Healthy lakes, rivers and streams are vital to Michigan tourism.
Dozens of northern Michigan government authorities and residents recently attended the “Local Government and Watershed Protection Forum” held in Central Lake.
The issues discussed included invasive species and natural shorelines in addition to the Three Lakes Association Fish Shelter Project and the Grass River Sedimentation Project.
Those attending the program included representatives from lake associations, county and local governments, and non-profit organizations.
Joe Meyers, Antrim County Planner and emcee of the program, began by introducing Peg Comfort of the Michigan Audubon’s Loon Network.
Comfort said that volunteers from the Loon Network have been doing a pilot project on the Elk River Chain of Lakes watershed, working with Common Coast Research of Escanaba to band and study loons.
They have found that there are more nesting loons in the Elk River watershed than any other watershed in Michigan. Half of the lakes in the watershed have nesting loons.
Next, Sarah U’Ren of the non-profit Watershed Center of Grand Traverse Bay discussed “Watershed 101.”
U-Ren defined a watershed as an area which drains to a common point. For example, the Jordan River Watershed is the area which drains into the Jordan River.
The top pollutants in the Grand Traverse Watershed are bay and watershed nutrient sediment and invasive species, which have recently become a bigger issue in the smaller lakes in the watershed,
Bay and nutrient sediment is caused by stormwater, septic road streams, stream bank erosion, loss of wetlands, and a lack of buffers to reduce residential fertilizer use.
Too many nutrients in our lawns and gardens run off into the lake. They can cause too much plant and algae growth. As excess plants decompose, they suck oxygen from the water and affect the fish.
Implementation tasks to protect the watershed are outlined in the Grant Traverse Bay Watershed Plan.
Invasive species in our waters
Invasive species was the next topic discussed by Becky Norris and Leslie Meyers of the Three Lakes Association and Sharon Vreeland of Acme Township.
Invasive species are plants or creatures which are brought in from other areas. They compete with native species, and adversely affect the native plants, fish and water quality.
One invasive plant affecting local watersheds includes Eurasian Watermilfoil, which competes with native milfoil. Lakes which have areas of the invasive milfoil include Six Mile Lake, Hanley Lake, Clam River, Torch Lake and Lake Michigan (Elk Rapids Harbor).
Residents can help reduce invasive milfoil by checking boats and trailers, and discarding bait and bilge water. It would also be helpful to have educational signs and boat washing stations at area launches.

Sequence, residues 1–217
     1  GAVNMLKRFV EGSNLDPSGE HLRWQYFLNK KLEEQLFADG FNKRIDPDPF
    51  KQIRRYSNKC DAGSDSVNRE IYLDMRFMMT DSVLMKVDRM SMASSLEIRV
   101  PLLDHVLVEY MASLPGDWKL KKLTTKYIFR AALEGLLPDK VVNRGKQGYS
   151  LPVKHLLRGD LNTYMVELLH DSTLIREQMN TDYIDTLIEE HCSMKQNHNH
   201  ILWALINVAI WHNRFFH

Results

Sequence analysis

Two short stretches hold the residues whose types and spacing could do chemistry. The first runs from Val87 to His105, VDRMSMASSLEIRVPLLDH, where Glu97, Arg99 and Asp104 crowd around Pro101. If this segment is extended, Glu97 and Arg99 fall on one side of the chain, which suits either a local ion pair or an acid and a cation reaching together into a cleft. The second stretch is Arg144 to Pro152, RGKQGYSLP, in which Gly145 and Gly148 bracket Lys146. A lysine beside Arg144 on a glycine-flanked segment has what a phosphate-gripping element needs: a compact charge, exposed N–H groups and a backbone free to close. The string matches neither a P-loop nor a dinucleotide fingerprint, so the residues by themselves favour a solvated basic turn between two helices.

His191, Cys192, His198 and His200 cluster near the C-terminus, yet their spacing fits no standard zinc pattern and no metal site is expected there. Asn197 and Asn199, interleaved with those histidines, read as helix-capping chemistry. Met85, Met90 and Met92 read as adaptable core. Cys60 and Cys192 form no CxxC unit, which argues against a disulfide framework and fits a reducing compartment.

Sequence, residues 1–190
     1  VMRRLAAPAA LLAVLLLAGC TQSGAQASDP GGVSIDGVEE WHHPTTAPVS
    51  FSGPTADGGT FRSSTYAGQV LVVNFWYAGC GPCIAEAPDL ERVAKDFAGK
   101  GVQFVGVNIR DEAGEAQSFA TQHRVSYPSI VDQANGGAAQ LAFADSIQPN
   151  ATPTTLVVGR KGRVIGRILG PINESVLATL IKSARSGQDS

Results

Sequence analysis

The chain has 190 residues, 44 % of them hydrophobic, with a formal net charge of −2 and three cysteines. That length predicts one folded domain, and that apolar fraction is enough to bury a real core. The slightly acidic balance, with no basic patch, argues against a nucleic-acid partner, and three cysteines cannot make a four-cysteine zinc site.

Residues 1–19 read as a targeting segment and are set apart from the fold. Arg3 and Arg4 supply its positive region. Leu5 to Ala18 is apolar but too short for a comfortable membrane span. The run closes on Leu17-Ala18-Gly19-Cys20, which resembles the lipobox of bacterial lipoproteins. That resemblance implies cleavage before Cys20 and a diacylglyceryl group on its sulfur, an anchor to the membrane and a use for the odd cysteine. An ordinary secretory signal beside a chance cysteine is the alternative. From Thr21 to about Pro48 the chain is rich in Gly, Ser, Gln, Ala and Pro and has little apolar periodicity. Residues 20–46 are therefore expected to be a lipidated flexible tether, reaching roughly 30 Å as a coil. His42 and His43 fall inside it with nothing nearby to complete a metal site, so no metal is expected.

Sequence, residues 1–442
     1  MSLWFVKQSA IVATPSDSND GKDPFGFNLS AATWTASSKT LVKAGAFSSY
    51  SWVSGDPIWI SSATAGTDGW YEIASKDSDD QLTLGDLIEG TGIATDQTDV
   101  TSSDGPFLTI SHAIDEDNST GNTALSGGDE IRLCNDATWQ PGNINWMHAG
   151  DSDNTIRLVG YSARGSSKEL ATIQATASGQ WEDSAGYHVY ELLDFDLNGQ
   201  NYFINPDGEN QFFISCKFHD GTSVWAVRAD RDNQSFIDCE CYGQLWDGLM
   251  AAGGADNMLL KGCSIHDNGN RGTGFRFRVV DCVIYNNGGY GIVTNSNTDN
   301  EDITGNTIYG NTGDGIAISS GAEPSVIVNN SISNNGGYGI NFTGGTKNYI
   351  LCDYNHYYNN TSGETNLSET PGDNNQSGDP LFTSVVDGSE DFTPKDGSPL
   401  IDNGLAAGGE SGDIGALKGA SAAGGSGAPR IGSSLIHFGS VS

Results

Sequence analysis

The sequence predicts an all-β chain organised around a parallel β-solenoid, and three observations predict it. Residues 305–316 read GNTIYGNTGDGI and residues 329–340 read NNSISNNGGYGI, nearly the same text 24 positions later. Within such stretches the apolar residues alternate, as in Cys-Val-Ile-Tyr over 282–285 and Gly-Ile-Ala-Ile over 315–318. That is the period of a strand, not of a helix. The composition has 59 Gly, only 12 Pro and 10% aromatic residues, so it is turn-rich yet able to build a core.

Three Lakes Association is attempting to battle invasive milfoil, and is planning an herbicide treatment this spring at Alden Harbor and Butch’s.
Invasive phragmites was the second invasive species discussed. This plant is a problem in Acme Township, and in 2009 a phragmites survey was done.
After treating the phagmites with a chemical described as an “aquatically approved Roundup,” progress has been made each year in Acme.
Vreeland suggested that if a township has a phragmites problem, officials should start with the landowners involved. Acme Township has an ordinance in place, but they prefer to work with residents by educating them and asking for voluntary participation.
Purple loosestrife was the third invasive plant discussed. It has medicinal purposes, and was brought in from Eurasia.
The invasive purple loosestrife spreads rapidly in wetlands, marshes and waterways. A single plant can produce 2.5 million seeds.
To battle loosestrife, one can use chemicals, mechanical means, harvesting or biological warfare
Purple loosestrife was a problem a few years ago in downstate Michigan, where they successful used biological warfare including a certain beetle.
More information can be found on the Three Lakes Association website, http://3lakes.com/
The subject of natural shorelines was discussed next by Jan Gelb from Tip of the Mitt Watershed Council , Diane Crandall from Bloomin’ Buddies, and Heidi Schafer of the Antrim Conservation District.
Urbanizing shorelines is becoming a problem for the quality of lakes, as people are planting sod all the way to the lake, and also hardening the shores with unnatural barriers or seawalls.
These hardened shorelines are damaging to the soil, and cause sedimentation issues. They degrade the fish and wildlife habitats and cause shoreline erosion, pollution and excessive plant growth.
Shrubs, trees and other plants on the shoreline offer much better lake and wildlife protection than a green lawn.
Native plants near the water create a system which mimics naturally stable shorelines. Many native plants have very extensive root systems, and bind the shoreline to prevent erosion.
It is important to choose plants according to their roots and needs for moisture. For example, many native shoreline plants require constant moisture, while others prefer to be planted upland.
Bioengineering on high energy lakes is different from the erosion control used downstate and in smaller quiet lakes. Crooked Lake is one of the first projects to use “coconut logs,” which reduce the erosive power of the waves on the shoreline. A book about this type of erosion control is available to be downloaded on the Tip of the Mitt website.
The typical natural shoreline cross-section is best for “high energy” lakes. This shoreline protection includes a variety of rock sizes built on a 3:1 slope. The finer rocks are put on the bottom as a filtering base layer.
Click here to read about the second half of the watershed presentation, including the Fish Shelter Project and Grass River Sedimentation Project.